The Dow component is in the unenviable position, then, of waiting out the economic storm. Alcoa must be applauded, though, for taking steps to control costs and become more efficient in the meantime.
If you're interested in advice that's geared toward average investors instead of rich hotshots, check out David and Tom Gardner's newsletter, Motley Fool Stock Advisor. Each issue features a Tom and David tête-à-tête, during which they explain their stock ideas.
Those invested or thinking of investing in auto makers might want to think twice. According to The Wall Street Journal (subscription required), consumers say the functional trucks, which make up a big part of auto makers' profits, just aren't cool anymore. Why? Several reasons.
Despite record sales in 2002 (one in four vehicles sold was an SUV), their fuel inefficiency is nevertheless proving unsatisfactory to many consumers.
Last year, several major religious organizations asked followers to rethink SUVs because they waste natural resources. A Christian organization recently began running "What Would Jesus Drive?" ads on TV.
Columnist Arianna Huffington has audaciously suggested those supporting SUVs are indirectly supporting terrorism by boosting our dependence on foreign oil. She's behind a series of soon-to-air TV ads illustrating the connection.
Websites such as The Ultimate Poseur Sport Utility Page mock the vehicles and offer arguments and statistics against them. Even somewhat mainstream media properties have joined the protest. Slate features this ad for a "Godzilla" SUV, offering zip codes as size options and promoting the "Exxon Valdez Commemorative Edition."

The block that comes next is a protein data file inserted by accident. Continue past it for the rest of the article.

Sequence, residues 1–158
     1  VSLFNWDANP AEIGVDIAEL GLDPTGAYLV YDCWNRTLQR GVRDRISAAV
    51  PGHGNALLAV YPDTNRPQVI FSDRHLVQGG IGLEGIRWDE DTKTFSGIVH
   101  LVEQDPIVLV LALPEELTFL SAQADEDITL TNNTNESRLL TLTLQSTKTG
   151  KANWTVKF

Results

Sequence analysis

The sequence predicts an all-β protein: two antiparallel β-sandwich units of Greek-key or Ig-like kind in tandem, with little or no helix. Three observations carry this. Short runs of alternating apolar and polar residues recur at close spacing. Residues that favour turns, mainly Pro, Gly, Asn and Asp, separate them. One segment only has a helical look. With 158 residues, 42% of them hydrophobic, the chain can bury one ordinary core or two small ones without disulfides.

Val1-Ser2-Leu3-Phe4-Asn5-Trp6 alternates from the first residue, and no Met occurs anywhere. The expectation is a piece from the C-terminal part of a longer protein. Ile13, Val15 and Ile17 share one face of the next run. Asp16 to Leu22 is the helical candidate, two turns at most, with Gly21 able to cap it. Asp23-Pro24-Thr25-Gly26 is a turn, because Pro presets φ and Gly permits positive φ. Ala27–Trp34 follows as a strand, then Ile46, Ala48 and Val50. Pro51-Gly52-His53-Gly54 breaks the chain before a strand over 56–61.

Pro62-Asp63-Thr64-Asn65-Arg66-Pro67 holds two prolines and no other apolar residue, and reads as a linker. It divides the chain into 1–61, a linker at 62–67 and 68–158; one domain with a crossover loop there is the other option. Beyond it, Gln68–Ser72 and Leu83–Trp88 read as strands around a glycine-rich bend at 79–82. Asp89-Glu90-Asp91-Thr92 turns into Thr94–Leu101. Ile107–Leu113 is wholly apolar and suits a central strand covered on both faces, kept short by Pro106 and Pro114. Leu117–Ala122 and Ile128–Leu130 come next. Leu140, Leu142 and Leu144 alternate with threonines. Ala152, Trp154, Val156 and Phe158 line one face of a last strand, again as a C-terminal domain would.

SUVs aren't just "uncool," though. They're also big polluters and less safe than many alternatives. Remember when Sen. Bill Frist (R-Tenn.) recently assisted victims at the scene of an overturned SUV? According to this New York Timesarticle (free registration required), SUVs roll over three times as often as cars due to their higher center of gravity. And The Mercury News says SUVs pose "nearly twice the risk to drivers of other cars as do average midsize and large cars."
The trucks are associated with a host of political issues, too, thanks to aggressive lobbying by the auto industry. Huffington addresses this in a recent column, in which she slams Presidents Bush and Clinton and discusses fuel-efficient hybrids. (Toyota and Honda have been making hybrids since 1997, and the Big Three are catching up.) "How ironic that if American car buyers want to do something truly patriotic, they have to buy Japanese to do it," she writes.